The ability to reach tactical environments with communication and data links will be a game changer, Tournear stresses.

“For the warfighter on the front line, depending on the size of their unit and where they are, they are connected right now with a handheld PRC-161 radio,” he clarifies. “On the front line, [they] could be using that radio to pass data, targeting data, from what they see, what their sensor sees or anyone else nearby sees. But if they wanted to get data from something else, such as an ISR [intelligence surveillance reconnaissance] asset that is in space or from an airborne ISR system, but those are outside of that initial couple hundred nautical miles, it is still picking up data from SIGINT [signals intelligence] or any other kind of sensing system. Right now today that data would be completely opaque to your son or daughter on the front lines. There is no way that those data could be passed from what they see to the weapon on the front line. In addition to that, the actual data that is coming to the front line, those [warfighters] have real-world information about what is going on. It is difficult for them to be able to pass that data from the front line back to the targeting cells and back to command and control headquarters. That is a very difficult command chain that takes multiple hops to get there. What the transfer layer would do is essentially open all of those lanes of communication.”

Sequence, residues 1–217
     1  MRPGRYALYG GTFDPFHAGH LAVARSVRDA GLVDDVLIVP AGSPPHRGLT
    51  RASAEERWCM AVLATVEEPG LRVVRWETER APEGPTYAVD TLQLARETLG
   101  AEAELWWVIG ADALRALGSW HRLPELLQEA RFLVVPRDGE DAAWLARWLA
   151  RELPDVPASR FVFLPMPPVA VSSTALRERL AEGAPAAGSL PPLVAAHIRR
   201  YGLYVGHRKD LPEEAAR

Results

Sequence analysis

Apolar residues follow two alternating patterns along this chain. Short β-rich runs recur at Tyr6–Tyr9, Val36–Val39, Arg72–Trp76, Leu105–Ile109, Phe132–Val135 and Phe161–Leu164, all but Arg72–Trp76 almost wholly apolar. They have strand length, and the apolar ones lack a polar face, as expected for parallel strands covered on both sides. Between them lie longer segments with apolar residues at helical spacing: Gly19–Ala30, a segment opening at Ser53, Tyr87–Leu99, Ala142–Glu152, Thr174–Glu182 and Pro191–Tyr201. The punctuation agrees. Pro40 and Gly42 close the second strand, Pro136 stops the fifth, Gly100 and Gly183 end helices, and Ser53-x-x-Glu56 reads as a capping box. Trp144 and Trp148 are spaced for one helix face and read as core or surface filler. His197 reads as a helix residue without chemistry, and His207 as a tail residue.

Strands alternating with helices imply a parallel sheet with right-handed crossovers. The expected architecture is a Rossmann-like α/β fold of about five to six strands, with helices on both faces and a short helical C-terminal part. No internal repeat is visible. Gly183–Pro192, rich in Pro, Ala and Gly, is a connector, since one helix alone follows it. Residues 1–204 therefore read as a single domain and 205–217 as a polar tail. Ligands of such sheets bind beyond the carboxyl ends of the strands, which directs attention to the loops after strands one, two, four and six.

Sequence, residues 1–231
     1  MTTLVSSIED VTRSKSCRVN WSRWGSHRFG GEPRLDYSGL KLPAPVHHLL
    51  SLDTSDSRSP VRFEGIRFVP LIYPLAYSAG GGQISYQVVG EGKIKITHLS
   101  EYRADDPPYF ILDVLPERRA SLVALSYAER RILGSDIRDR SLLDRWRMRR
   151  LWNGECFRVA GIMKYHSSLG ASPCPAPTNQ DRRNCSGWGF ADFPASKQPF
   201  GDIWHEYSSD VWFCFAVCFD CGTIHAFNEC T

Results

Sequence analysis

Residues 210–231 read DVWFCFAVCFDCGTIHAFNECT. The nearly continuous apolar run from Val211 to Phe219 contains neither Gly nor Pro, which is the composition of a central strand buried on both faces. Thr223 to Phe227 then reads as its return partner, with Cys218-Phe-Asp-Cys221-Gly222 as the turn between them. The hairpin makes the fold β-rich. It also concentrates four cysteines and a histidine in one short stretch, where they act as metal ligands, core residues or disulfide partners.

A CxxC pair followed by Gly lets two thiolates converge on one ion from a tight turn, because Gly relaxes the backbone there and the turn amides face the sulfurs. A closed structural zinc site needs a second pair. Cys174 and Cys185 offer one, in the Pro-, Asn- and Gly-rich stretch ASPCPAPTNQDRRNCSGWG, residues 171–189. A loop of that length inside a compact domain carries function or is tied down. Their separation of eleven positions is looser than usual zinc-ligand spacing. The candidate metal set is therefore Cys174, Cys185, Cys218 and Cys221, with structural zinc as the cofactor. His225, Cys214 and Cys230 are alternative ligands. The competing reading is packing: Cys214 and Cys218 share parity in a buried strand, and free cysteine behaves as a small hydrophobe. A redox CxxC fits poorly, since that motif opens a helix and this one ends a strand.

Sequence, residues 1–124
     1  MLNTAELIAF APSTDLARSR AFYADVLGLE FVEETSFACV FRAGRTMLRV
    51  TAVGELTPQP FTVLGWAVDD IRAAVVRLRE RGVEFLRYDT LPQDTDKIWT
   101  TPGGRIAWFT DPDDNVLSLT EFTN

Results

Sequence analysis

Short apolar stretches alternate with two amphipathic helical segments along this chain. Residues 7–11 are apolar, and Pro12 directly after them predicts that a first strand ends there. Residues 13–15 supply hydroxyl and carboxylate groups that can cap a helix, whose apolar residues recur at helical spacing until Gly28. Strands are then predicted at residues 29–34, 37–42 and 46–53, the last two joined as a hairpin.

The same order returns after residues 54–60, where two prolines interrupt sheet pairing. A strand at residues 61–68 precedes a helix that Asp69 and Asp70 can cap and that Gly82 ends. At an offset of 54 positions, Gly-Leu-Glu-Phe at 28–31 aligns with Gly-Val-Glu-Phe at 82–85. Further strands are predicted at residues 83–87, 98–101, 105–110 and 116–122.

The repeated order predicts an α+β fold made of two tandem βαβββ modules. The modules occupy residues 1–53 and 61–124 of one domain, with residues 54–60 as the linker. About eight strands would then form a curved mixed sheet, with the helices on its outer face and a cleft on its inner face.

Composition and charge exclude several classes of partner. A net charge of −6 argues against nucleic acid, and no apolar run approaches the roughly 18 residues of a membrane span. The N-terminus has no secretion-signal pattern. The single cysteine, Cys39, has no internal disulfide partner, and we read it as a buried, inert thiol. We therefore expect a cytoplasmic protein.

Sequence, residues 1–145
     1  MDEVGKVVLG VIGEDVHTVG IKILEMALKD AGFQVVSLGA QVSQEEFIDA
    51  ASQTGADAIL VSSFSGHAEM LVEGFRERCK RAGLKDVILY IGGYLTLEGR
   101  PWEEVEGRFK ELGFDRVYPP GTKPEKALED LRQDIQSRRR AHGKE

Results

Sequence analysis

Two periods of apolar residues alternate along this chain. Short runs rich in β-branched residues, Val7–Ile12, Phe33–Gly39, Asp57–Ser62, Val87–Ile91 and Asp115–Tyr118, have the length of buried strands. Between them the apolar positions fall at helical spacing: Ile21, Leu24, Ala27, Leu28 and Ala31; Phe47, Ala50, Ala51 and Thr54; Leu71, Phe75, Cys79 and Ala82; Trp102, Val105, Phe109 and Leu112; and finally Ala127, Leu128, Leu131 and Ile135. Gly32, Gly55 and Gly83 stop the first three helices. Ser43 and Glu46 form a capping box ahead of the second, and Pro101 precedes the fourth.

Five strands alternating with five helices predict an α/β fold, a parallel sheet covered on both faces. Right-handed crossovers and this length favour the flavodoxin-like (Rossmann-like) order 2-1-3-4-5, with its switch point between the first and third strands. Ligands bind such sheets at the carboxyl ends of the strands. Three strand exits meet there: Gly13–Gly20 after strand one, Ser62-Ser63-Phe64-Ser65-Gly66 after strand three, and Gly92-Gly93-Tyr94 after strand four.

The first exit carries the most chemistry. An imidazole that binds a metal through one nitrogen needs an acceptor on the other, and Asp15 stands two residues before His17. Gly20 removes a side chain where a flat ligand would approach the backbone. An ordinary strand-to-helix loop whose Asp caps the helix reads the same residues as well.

Tranche 1 will tie the warfighters’ PRC 161 radios into any other warfighter or targeting cell that they need globally. “You can then use that data to target from any system that is available,” he states. “That is what will allow the speed of that information flow.”

Moreover, the effort will provide the United States an asymmetrical advantage, Tournear continues. “Other nation-states are developing proliferated constellations to be able to do a lot of this low-latency type of ISR kind of connectivity, but as far as the ability to tie in directly to tactical data links and form that whole mesh network across the globe for existing tactical data systems—no one else is doing that,” he emphasizes. “And primarily, no one else is doing that because the U.S. has built up over the last 30 years the infrastructure of these existing radios. So, all of that already exists, and what we are doing is we are tying all that together to give the low-latency global connectivity, which doesn’t exist.”